Loveurope and Partners have an excellent reputation for producing fine art prints and reproductions. We are a long-standing supplier of the Tate art galleries and were recently entrusted by Cheil London to produce the limited-edition prints and post-cards for an exhibition of their contemporary art designs.
As a natural extension of this type of work, we were thrilled to support the London debut of artists Natalie Christensen and Jim Eyre for their joint exhibition ‘alteredstates/alteredscapes’ which launched on 9 Feburary at the Southeast London creative hub Peckham Levels. As Natalie and Jim’s social media-based photography collaboration was brought into the real world, we were pleased to produce high quality prints for the project. Read on to learn more about each artist and the exhibition itself.
DISTORTING REALITY IN THE NAME OF ART
Santa Fe-based artist Natalie and London-based artist Jim married their artistic perspectives to explore the dilemmas of social media for the collaborative project. The two took a deep dive together into the psychological and creative impacts of social media by creating ‘mash-ups’ of one another’s photographs, achieving gorgeous yet subtly jarring visual distortions of reality.
This indulgence in ‘distortion’ resonates in our modern era as the distortion of what is ‘real’ is a practice that social media users habitually do or are exceptionally mindful to avoid. The otherworldly, nearly transcendent ‘dreamscapes’ that Natalie and Jim have created beg the question what is ‘real’ in all that we see.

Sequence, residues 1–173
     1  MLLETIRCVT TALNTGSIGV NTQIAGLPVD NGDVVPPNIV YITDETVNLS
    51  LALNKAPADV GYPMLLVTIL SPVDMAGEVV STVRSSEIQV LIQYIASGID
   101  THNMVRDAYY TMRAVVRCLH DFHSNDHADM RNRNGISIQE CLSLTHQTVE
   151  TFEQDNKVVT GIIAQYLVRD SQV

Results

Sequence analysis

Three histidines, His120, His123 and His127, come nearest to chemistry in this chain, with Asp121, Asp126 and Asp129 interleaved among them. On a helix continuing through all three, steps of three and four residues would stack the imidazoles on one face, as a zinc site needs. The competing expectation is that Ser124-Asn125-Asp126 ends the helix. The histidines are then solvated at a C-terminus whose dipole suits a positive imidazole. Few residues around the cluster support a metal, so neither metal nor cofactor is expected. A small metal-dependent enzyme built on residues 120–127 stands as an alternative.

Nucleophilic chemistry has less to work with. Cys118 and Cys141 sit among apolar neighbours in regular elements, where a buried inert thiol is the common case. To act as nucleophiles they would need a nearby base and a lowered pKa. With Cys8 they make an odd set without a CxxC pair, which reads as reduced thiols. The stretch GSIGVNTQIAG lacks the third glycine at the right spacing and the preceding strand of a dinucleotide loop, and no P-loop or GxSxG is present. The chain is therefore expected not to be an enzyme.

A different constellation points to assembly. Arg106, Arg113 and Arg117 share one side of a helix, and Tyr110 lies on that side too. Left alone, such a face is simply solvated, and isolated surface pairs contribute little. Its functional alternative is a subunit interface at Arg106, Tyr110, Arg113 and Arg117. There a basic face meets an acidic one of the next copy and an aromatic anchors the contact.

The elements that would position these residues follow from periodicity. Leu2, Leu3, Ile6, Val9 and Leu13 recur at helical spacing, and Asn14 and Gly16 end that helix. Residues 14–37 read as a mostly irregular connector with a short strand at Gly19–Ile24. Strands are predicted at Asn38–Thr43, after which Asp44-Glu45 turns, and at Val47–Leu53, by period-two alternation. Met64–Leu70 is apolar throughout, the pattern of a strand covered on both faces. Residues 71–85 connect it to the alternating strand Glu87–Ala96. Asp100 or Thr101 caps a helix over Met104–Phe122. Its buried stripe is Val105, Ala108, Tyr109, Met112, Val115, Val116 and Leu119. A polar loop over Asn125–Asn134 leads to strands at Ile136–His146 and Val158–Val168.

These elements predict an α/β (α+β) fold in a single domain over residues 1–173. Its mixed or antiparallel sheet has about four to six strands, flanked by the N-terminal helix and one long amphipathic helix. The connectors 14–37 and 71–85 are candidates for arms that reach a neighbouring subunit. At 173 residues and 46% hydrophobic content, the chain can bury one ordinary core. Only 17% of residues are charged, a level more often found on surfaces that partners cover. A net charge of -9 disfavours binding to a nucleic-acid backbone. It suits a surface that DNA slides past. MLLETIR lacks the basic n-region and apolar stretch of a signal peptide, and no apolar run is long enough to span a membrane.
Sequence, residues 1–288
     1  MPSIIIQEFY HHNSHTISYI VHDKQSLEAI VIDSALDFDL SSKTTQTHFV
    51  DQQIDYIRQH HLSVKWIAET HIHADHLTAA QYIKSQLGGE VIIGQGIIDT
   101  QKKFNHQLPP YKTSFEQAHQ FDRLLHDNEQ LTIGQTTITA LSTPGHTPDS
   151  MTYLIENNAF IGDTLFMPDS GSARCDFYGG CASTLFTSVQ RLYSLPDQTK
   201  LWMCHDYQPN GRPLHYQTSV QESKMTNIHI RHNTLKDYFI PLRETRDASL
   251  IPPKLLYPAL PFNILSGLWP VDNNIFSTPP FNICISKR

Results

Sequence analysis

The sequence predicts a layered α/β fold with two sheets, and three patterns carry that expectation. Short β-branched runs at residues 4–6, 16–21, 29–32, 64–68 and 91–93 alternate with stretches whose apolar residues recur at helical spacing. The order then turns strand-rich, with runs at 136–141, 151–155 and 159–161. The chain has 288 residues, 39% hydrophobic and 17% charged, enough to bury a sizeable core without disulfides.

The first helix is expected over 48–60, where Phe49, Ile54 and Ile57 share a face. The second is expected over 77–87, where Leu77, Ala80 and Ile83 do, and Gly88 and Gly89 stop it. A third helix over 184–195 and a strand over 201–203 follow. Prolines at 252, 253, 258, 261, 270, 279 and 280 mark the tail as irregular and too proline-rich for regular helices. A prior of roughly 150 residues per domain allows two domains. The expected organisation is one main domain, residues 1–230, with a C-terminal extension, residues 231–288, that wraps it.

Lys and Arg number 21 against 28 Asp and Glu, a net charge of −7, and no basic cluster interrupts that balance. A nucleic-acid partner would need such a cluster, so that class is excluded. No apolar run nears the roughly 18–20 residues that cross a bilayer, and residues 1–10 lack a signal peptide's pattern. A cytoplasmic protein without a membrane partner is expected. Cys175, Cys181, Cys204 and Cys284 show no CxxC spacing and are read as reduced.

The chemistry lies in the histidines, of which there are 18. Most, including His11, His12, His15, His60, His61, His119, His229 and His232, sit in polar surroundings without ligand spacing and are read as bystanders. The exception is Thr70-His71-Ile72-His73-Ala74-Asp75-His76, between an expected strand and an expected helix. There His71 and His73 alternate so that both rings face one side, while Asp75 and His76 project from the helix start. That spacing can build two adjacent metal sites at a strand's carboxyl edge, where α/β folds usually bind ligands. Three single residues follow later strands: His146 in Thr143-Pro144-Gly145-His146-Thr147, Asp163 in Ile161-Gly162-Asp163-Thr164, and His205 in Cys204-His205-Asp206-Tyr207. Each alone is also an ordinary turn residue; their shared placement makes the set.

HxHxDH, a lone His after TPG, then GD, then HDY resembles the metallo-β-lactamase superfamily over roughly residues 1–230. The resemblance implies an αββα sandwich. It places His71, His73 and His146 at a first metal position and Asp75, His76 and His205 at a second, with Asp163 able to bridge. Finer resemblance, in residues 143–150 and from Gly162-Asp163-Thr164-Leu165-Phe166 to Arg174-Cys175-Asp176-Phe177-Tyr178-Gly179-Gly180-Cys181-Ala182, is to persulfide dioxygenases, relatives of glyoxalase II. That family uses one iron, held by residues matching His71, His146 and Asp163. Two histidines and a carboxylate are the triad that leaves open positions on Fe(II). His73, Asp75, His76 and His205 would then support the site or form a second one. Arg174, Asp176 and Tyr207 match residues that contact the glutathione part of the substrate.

Their art thus invites us into elemental questions regarding social media. Is it a threat to an artist’s unique vision? Does it feed or kill creativity? The duo’s search for deeper meaning, beauty, and answers to such questions has, luckily for us, brought them together for a marvelous collection of art.
BROUGHT TOGETHER BY THE BEAST ITSELF…
Most perfectly, Natalie and Jim met on Instagram, finding solace in each other’s work. “Both share a fascination with street scenes reduced to starkly beautiful abstractions of shape, line, colour, and light”, relays writer Stephen Iliffe, who was lucky enough to attend a photowalk accompanying the exhibition.
Incidentally, both also share a heightened awareness of the implications of social media – one that is a near rite of passage for any artist navigating the digital world.
Following his suggestion that the two find a way to work together, Jim spent about a year creating mash-ups of their photographs; juxtaposing elements of his work with elements of hers. What resulted was a collection of photographs both meditative and stimulating. Each ‘manipulated image’ features streetscape elements from the artists’ two different cities, 5,000 miles apart. In this light, the work is almost a reflection itself upon the world of opportunity that social media opens for us, overwhelming as it can be.